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I have a DNN trained on MNIST data (image 1 for digit '4') that recognizes images from the test set with high precision. Each digit is centered and all of them are roughly of the equal size. Will it also recognize image of the same, but transformed (smaller) digit (image 2), same digit in a different location (image 3) and multiple images (image 4)? The size of the input space is the same (e.g. 28x28 pixels).

I think, in general, the answer is no. The input in the neural network is intensity of every pixel, so during training, as the hidden layers learn the features, the weights between the input layer and the first hidden layer are updated based on the value of the particular pixel (think backprop equation), so, for example, the features of the digit '4' will depend on the intensity of the pixels are are most active when this observation is given to the DNN.

Hence, in case of image 3, the activated pixels are very far from those trained with MNIST and they will active completely different neurons, that will combine into unrelated features (if anything sensible at all) and badly misclassify. Something similar should happen in case of image 3. In other words, during testing the features that are associated with this specific digit ('4') will stay quite inactive. If the observation is reasonably close to the pixels of observations in the dataset (image 2), then it can accidentally trigger features from other digits and misclassify too.

A possible solution, I guess, would be some CNN, but I'm not sure how it will know what to transform (and to what size) and when. Any suggestions?

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You're right that the answer is no. Using a CNN is one approach - the max-pooling operation makes it a little more translation invariant with each added layer, until in the final layer you just end up with a bag of features.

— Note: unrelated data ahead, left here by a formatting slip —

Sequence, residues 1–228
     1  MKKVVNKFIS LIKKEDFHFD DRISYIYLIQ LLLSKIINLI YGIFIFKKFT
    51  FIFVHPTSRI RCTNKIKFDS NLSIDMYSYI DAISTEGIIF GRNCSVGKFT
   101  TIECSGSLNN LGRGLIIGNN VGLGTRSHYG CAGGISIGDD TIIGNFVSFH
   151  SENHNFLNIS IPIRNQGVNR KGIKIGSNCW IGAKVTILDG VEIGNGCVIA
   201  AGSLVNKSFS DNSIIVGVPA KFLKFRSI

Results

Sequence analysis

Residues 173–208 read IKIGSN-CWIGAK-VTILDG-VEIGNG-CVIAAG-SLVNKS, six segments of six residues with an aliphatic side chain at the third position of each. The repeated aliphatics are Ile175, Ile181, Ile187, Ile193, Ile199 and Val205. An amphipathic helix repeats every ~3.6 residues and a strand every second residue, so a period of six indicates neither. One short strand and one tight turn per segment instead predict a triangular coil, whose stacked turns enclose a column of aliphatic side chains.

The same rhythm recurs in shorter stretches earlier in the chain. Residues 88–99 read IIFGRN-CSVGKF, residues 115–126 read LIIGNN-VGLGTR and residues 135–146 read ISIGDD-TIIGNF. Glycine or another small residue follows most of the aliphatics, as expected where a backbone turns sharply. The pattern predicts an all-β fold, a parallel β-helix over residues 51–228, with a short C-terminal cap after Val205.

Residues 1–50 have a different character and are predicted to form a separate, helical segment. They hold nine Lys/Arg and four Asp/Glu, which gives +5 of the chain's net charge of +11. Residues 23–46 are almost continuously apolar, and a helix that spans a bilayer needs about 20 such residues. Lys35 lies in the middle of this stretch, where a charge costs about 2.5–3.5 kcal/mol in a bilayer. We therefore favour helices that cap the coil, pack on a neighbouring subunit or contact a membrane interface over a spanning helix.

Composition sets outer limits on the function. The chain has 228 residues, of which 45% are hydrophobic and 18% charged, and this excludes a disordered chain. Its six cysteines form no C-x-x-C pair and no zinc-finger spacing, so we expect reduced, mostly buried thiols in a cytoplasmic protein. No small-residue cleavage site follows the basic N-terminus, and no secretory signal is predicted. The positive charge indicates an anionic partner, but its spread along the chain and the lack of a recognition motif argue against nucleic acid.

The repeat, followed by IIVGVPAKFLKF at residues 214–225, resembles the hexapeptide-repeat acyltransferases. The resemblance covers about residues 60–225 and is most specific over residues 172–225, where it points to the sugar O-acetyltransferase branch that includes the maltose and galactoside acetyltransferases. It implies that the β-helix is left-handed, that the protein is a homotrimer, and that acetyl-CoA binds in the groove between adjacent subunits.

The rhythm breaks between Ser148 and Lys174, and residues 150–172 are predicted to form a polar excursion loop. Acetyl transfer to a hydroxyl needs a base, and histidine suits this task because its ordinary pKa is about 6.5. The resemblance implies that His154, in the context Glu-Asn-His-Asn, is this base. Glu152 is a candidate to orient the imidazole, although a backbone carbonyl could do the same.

Another approach, which is a bit more tricky and more recent, is to use attention (a mechanism which focuses on a certain part of the image, then feeds that to a neural net). The attention mechanism can either be trained through reinforcement learning or backpropagation if it is differentiable (the DRAW paper does something like this, but it's not a normal MLP).

If you're actually just working with digits on a blank background, some kind of hand-coded recenter/rescale/deskew system is probably best.

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May be you can try generating training dataset with these features and then train on that one. I faced a similar problem where the digit could possibly shift its location which was giving me wierd results , so i manually created a dataset with content shifted from center in all the directions and it worked for me.

I dont know about the double 4 in one image

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